Treating Epstein-Barr virus associated malignancies

Treating Epstein-Barr virus associated malignancies

The opportunity

  • EBV is the first human virus linked to the pathogenesis of certain cancers.
  • EBV-encoded protein BHRF1 confers chemoresistance.
  • Target identification and assay development completed, ready to perform BHRF inhibitor screen

 

EBV is strongly associated with certain lymphomas, such as Burkitt’s lymphoma (BL), but also with carcinomas such as nasopharyngeal carcinoma (NPC) and gastric cancer.

Incidence of EBV-associated cancers varies across different demographics with almost 50 per cent occurring in East Asia. There is currently no vaccine against infection and no specific treatments. We have identified the EBV-encoded protein BHRF1, a viral homolog of BCL-2, as a potential drug target in a subset of BL. There is is also evidence for BHRF1 expression in NPC.

Scientific figure

The technology

Our team has found that BHRF1 can protect cancer cells against chemotherapeutic drugs and that its expression drives EBV-positive lymphoma development in preclinical models.

Opportunities for partnership 

This is an opportunity to develop a treatment for EBV-associated malignancies.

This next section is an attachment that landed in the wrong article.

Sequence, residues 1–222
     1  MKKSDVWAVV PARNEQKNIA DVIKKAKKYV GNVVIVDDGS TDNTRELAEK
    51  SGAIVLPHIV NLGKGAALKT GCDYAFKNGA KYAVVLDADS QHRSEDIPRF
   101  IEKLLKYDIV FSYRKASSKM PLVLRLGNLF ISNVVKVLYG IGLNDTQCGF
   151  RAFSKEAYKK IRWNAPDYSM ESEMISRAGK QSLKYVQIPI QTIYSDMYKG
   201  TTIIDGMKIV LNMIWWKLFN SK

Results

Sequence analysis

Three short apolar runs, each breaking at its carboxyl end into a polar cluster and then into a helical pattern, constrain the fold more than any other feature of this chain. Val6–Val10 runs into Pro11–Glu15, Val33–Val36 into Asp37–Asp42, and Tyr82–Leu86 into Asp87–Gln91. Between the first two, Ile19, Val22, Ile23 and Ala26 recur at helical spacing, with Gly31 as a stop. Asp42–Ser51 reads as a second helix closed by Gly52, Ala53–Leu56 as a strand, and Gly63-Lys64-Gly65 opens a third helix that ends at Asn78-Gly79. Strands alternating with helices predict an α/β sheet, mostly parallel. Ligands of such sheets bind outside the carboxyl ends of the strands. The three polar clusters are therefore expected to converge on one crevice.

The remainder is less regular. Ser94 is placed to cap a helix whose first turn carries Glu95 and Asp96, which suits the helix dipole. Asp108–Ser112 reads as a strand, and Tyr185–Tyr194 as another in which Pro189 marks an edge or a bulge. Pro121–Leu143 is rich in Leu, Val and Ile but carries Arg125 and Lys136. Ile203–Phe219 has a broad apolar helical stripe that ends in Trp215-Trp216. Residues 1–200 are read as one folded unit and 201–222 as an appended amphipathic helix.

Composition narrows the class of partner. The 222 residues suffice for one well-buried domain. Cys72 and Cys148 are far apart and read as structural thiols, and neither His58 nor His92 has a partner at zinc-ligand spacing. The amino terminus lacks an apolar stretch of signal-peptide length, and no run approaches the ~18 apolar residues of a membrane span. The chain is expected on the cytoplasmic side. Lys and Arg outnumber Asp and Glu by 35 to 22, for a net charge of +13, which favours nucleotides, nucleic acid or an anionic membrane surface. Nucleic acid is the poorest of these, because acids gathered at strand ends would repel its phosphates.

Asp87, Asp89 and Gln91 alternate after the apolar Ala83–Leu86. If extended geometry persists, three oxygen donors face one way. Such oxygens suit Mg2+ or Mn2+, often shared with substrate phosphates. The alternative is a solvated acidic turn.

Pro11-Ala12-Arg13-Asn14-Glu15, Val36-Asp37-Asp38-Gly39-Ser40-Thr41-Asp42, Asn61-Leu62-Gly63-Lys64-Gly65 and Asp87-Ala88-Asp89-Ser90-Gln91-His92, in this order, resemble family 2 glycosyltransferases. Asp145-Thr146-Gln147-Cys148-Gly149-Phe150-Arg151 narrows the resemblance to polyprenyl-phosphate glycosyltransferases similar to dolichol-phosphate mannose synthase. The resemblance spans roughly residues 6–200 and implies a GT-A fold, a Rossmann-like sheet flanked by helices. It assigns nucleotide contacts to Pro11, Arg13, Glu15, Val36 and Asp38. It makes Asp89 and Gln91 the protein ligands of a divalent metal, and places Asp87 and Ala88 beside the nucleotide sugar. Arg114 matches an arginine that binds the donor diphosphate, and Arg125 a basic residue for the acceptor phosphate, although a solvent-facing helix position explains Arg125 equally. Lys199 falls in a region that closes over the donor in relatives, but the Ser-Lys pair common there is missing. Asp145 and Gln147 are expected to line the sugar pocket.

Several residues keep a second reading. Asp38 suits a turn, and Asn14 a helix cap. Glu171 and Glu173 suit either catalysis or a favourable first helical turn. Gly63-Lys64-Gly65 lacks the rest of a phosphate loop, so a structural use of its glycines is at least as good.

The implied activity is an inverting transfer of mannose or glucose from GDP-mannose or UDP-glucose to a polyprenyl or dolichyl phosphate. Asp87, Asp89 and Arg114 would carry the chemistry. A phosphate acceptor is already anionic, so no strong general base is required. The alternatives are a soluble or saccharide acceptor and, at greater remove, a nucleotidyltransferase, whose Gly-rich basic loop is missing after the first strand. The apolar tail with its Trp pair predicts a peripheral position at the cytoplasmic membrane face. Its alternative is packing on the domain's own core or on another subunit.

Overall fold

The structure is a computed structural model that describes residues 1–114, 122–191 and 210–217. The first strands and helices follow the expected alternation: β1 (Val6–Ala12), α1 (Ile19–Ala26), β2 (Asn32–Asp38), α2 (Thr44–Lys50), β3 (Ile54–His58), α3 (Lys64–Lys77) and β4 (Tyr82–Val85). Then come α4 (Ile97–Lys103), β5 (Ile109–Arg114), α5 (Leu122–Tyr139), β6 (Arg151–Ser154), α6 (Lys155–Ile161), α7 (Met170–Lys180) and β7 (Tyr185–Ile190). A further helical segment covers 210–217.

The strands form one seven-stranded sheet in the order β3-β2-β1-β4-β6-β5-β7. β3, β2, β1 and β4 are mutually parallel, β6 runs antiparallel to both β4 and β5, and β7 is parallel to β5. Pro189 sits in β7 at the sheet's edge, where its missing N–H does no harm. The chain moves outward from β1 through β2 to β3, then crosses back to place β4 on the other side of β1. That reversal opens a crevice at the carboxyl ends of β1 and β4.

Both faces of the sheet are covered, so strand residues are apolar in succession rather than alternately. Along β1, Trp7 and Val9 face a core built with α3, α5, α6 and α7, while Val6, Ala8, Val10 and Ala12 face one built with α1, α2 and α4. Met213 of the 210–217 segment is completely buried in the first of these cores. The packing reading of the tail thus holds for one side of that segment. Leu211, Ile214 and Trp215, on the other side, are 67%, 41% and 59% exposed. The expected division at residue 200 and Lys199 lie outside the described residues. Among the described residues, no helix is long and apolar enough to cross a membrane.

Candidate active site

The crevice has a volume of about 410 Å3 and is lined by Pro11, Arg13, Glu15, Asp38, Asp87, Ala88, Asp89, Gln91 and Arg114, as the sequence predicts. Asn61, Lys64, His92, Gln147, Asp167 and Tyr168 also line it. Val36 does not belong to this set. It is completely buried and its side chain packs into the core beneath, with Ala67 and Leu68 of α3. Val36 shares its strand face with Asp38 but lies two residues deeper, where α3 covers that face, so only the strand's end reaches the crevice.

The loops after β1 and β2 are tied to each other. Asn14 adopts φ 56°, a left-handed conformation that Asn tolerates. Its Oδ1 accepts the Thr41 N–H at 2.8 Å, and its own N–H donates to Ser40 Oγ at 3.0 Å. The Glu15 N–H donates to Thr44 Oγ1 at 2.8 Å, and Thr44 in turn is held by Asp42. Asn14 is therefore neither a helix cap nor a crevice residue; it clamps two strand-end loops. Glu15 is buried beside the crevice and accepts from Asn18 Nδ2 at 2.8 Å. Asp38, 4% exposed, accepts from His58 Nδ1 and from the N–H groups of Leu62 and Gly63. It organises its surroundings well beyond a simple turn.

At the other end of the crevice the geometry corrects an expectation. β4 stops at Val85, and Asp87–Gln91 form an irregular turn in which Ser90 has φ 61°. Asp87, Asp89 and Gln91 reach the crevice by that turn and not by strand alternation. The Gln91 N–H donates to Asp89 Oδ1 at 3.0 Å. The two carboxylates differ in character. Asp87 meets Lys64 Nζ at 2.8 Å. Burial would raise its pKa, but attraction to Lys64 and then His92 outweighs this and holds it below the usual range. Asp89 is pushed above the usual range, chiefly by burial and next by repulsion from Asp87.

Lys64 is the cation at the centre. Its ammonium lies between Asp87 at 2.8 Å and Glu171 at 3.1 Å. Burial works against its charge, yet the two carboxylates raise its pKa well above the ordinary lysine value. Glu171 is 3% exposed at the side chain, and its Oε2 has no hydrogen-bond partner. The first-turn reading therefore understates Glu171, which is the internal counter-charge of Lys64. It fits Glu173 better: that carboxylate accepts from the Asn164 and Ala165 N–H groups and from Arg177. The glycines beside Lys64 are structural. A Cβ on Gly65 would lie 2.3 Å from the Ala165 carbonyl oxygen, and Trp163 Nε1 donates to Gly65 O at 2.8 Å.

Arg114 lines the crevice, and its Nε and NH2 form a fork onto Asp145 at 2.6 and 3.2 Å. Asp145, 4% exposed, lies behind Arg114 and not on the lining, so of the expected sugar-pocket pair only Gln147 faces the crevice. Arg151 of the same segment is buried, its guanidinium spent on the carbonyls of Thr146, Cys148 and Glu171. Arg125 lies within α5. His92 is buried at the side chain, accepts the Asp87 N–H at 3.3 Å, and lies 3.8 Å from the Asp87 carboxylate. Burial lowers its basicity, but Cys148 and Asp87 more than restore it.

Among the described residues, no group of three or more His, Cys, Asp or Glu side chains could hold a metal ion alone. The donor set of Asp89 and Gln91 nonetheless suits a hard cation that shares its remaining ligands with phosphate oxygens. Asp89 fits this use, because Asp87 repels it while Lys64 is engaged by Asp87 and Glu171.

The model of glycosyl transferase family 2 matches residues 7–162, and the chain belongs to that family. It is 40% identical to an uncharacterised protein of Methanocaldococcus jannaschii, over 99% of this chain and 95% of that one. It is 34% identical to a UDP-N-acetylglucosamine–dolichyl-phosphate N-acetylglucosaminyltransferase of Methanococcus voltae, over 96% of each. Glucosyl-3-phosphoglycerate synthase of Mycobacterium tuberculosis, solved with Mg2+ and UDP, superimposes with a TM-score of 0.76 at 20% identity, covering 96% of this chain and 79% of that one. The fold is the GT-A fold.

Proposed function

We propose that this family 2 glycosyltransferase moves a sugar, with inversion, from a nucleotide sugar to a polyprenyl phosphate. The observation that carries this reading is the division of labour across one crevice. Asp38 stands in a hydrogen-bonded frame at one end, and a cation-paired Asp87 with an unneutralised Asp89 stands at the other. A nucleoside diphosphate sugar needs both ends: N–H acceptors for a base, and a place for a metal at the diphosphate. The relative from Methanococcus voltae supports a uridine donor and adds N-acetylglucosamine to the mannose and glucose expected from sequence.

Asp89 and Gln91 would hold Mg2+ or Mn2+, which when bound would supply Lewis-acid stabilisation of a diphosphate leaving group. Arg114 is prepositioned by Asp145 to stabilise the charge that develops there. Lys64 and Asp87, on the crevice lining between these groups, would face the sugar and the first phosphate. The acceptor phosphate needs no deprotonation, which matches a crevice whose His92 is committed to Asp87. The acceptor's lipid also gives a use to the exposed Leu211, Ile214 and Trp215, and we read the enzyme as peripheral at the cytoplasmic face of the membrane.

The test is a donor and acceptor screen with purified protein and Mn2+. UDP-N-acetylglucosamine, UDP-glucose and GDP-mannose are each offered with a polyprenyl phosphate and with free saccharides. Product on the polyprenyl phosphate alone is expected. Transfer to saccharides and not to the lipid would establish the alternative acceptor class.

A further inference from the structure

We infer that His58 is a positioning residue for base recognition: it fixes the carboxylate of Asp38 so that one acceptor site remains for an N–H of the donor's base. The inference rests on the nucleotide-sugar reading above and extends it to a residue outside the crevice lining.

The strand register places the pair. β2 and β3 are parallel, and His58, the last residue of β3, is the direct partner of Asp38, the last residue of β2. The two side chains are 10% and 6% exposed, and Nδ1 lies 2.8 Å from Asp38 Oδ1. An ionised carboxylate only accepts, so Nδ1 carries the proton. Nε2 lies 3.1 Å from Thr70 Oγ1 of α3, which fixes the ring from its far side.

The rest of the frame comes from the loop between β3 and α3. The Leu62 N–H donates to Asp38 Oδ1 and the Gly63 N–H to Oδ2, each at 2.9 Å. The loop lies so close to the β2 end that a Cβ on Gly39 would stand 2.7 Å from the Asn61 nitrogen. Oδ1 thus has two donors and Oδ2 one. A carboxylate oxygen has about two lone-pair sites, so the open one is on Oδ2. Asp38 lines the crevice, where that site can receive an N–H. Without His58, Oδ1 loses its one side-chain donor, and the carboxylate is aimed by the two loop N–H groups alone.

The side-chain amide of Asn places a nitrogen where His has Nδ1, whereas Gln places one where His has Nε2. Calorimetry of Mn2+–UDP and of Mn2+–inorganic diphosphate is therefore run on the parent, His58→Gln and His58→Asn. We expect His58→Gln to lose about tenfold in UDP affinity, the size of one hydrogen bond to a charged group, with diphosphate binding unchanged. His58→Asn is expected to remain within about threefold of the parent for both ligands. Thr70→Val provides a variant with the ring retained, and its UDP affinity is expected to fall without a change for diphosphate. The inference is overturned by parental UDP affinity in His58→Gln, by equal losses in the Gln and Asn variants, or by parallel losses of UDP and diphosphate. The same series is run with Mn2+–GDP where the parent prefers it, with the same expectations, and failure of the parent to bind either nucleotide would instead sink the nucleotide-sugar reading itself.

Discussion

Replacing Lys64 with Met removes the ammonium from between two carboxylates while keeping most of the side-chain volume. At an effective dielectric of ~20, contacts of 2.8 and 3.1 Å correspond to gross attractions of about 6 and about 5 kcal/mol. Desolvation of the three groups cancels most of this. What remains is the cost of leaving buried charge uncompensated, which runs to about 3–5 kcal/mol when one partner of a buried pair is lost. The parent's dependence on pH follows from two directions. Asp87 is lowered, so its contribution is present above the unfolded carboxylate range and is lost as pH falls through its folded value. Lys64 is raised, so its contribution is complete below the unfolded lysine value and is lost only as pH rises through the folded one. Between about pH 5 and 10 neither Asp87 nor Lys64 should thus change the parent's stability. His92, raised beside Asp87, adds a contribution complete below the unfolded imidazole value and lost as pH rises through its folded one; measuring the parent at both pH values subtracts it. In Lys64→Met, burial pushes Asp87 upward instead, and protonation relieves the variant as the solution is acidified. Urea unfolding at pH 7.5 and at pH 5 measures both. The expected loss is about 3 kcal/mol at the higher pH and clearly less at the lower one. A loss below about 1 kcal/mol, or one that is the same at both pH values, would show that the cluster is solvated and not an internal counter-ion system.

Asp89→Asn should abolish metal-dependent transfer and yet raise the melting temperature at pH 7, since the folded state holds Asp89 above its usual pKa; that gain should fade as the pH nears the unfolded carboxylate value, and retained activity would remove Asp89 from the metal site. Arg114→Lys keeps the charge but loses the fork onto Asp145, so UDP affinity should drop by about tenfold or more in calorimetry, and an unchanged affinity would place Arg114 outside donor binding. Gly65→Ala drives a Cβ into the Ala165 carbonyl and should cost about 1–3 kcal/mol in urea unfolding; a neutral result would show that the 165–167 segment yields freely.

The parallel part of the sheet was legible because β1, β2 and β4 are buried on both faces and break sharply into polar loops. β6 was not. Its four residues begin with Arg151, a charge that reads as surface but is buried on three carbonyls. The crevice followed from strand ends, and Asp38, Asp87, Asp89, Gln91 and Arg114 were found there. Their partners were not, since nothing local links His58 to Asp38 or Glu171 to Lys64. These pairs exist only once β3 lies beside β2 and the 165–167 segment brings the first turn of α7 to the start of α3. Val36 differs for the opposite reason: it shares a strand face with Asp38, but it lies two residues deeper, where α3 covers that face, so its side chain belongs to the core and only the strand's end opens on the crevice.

We have:

  • Expertise in EBV biology, viral and cellular BCL-2 proteins and hit-to-lead optimisation
  • X-ray crystal structures of BHRF1 and validated biochemical and cellular assays to perform HTS
  • BHRF1-dependent cell and in vivo models for compound evaluation

We are seeking an investment/co-development partner to complete:

  • The HTS and fragment screen for BHRF1 inhibitors
  • In vitro and in vivo inhibitor validation and medicinal chemistry
  • Validation of the importance of BHRF1 in EBV-associated carcinomas 

Scientific team

Dr Brad Sleebs, Laboratory Head, Chemical Biology division

Dr Gemma Kelly, Laboratory Head, Blood Cells and Blood Cancer division

Contact

Dr Anne-Laure Puaux, Head, Commercialisation

Phone: +61 3 9345 2175 

Email: partnering@wehi.edu.au